Ruby Each Iterator Method Tutorial
Being able to cycle through a list of values is something that you'll be doing on a daily basis. In this lesson, we are going to go through Ruby's popular iterator - the Each loop.
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Being able to cycle through a list of values is something that you'll be doing on a daily basis when working with Ruby programs. In this lesson, we are going to go through Ruby's popular iterator, the each loop.

You've already learned how to use while loops. If you remember there were a number of different rules for ensuring that our while loops were processed a specific number of times. We also had to ensure that we didn't run into an infinite loop that would crash our program. It's for these reasons that while loops aren't utilized in Ruby very often. Instead the each mechanism is the tool of choice when it comes to looping over collections.

Each Loop Code Example

Before we can use the each loop we need to create a collection that it can work with. For simplicity sake, and since we haven't gotten to our Array section, I'm going to use a very basic array of integers.

arr = [23, 2343, 454, 123, 345345, 1232]

Now that we have a collection to work with we can implement an each loop.

arr.each do |i|
  p i

If you run this, you can see the values in the array printed out. Also notice that the each tool gives us the ability to use a block variable. In this case the block variables is i and we place it in between the pipes. This block variable will give us access to each value in the array as the loop iterates through the collection. For our example, with the first iteration i will be set to 23, the second time through it will be set to 2343, and so on. This is a helpful tool because it allows us to work with each element in the collection. For example, if it was an array of strings that we wanted to capitalize we could loop through and have the code i.upcase inside the block and all of the strings would be printed out as uppercase values.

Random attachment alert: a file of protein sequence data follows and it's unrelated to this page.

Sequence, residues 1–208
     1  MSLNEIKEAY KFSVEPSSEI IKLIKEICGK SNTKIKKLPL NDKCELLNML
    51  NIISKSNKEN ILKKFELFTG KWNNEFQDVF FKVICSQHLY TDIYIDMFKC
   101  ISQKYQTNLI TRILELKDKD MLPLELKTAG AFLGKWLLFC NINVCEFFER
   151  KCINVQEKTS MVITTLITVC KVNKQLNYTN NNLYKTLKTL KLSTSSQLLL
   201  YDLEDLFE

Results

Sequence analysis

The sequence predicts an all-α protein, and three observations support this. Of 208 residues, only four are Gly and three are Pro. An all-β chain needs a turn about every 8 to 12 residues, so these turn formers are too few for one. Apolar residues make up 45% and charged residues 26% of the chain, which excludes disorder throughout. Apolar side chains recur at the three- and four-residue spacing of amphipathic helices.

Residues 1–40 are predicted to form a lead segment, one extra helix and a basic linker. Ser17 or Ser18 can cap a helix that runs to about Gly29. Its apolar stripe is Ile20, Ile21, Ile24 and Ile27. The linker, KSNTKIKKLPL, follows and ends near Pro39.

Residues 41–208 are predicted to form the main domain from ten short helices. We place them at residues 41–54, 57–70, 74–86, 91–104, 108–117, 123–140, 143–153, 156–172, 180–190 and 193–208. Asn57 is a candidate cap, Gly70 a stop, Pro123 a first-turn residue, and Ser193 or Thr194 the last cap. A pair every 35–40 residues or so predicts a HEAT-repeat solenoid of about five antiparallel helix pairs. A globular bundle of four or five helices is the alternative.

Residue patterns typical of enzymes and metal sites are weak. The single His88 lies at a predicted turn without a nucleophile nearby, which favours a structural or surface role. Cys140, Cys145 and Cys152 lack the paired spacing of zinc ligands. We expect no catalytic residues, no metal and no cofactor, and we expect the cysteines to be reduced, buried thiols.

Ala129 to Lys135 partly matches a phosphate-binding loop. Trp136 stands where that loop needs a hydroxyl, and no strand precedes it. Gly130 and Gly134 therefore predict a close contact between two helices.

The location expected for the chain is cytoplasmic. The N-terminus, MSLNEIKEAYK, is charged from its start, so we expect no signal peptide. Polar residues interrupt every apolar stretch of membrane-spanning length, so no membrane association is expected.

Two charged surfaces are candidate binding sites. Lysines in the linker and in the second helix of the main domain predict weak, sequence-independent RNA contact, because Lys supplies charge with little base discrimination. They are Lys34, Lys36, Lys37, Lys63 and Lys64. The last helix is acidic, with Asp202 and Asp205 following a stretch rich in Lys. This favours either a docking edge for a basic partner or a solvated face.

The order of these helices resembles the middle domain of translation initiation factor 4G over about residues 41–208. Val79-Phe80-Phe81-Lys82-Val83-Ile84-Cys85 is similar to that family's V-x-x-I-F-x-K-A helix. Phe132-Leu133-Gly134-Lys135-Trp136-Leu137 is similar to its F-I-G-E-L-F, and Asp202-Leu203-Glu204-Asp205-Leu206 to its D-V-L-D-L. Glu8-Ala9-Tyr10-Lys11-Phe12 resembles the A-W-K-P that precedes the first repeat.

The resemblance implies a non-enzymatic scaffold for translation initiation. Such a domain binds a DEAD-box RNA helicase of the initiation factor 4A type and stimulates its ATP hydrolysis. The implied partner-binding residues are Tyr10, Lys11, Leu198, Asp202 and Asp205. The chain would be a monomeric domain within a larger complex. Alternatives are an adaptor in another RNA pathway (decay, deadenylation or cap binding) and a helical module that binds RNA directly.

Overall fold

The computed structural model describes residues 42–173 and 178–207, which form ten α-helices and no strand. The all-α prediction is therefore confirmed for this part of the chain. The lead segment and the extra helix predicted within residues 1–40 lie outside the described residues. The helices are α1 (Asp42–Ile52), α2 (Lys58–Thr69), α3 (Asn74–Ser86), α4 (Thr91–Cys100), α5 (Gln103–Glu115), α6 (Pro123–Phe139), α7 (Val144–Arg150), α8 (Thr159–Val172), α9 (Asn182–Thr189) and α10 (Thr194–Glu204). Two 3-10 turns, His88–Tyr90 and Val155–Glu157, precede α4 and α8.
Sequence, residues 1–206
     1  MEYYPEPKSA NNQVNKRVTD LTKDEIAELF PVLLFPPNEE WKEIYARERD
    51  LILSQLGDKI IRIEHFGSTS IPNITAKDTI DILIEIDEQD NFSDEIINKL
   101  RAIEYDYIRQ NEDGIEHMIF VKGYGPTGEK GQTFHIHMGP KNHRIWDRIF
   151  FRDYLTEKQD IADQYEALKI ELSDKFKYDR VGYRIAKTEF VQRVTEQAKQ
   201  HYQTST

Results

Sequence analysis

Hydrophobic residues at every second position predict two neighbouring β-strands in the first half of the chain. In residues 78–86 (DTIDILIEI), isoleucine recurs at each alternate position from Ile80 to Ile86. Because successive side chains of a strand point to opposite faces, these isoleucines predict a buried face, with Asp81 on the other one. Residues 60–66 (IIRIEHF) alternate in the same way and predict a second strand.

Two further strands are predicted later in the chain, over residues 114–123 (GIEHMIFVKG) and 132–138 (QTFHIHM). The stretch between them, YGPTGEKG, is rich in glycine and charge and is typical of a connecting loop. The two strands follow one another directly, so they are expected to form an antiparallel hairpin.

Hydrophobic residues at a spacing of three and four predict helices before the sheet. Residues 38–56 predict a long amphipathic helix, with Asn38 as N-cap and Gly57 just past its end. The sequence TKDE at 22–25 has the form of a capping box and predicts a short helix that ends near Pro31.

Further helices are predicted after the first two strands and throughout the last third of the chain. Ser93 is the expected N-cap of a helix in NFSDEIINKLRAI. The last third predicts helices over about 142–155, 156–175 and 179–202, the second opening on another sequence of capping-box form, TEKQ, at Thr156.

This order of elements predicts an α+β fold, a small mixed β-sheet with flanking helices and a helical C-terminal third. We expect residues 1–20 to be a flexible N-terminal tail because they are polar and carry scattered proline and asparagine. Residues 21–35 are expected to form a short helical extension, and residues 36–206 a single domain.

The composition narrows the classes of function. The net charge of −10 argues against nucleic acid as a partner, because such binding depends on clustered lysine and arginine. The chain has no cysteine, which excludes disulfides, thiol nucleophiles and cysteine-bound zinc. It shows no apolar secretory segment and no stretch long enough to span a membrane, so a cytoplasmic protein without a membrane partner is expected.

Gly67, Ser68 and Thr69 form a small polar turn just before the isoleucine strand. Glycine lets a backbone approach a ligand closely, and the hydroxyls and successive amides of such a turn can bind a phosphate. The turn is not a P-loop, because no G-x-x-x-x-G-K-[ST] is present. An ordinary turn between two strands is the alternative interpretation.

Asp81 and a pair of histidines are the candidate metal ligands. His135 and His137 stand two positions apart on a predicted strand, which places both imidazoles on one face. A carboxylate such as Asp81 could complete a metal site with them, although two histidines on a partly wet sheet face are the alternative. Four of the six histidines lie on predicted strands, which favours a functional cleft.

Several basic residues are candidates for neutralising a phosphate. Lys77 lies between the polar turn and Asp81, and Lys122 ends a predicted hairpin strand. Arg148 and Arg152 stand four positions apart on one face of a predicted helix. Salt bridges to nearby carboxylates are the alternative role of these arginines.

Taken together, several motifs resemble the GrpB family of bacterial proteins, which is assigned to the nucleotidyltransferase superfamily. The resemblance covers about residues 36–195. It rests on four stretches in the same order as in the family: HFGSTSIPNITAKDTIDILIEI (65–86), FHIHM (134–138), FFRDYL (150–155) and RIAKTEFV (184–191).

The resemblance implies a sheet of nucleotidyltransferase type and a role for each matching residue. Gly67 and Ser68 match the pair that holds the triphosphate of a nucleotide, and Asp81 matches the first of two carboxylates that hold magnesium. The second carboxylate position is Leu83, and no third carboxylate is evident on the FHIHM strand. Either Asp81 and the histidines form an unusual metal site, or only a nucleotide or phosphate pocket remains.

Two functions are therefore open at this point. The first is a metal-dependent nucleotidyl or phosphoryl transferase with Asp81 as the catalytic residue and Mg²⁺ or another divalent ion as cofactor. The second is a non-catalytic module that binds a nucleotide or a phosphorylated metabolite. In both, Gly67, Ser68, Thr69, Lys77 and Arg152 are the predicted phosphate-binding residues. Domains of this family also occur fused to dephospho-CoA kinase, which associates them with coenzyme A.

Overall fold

In referencing what we've learned about blocks. You have have already guessed that we can also swap out our do...end block for curly braces. So the same code could be written out this way as well:

arr.each { |i| p i }

If you run this code, you'll get the same result. However, make sure you follow the Ruby block rule of thumb where you only place the code on the same line if it's small and concise.

Now, I want to show you a real-world example of how to use the each loop. This code is taken from a Ruby on Rails project that I built.


In this code, the jobs instance variable stores a list of jobs. and during every iteration, that particular element of jobs is stored in the block variable job. I can do anything I want with the variable job inside my code block. In this example I'm printing out different elements associated with a specific job.

So, that's how you use the Each loop in a real-life application.